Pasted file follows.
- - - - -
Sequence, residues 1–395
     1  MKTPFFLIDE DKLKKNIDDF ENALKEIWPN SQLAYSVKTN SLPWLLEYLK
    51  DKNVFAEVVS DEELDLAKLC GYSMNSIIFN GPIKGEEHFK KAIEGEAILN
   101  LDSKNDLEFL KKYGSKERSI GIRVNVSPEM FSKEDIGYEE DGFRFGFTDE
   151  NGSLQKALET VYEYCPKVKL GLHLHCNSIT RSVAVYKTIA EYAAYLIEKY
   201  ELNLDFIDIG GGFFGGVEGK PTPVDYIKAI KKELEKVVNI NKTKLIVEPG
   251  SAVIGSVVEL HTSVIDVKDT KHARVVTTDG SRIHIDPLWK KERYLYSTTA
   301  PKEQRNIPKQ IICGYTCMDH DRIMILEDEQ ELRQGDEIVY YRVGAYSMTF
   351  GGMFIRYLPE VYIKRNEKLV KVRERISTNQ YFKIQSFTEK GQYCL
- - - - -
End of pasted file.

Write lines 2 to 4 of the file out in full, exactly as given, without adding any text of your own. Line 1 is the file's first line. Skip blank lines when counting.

     1  MKTPFFLIDE DKLKKNIDDF ENALKEIWPN SQLAYSVKTN SLPWLLEYLK
    51  DKNVFAEVVS DEELDLAKLC GYSMNSIIFN GPIKGEEHFK KAIEGEAILN
   101  LDSKNDLEFL KKYGSKERSI GIRVNVSPEM FSKEDIGYEE DGFRFGFTDE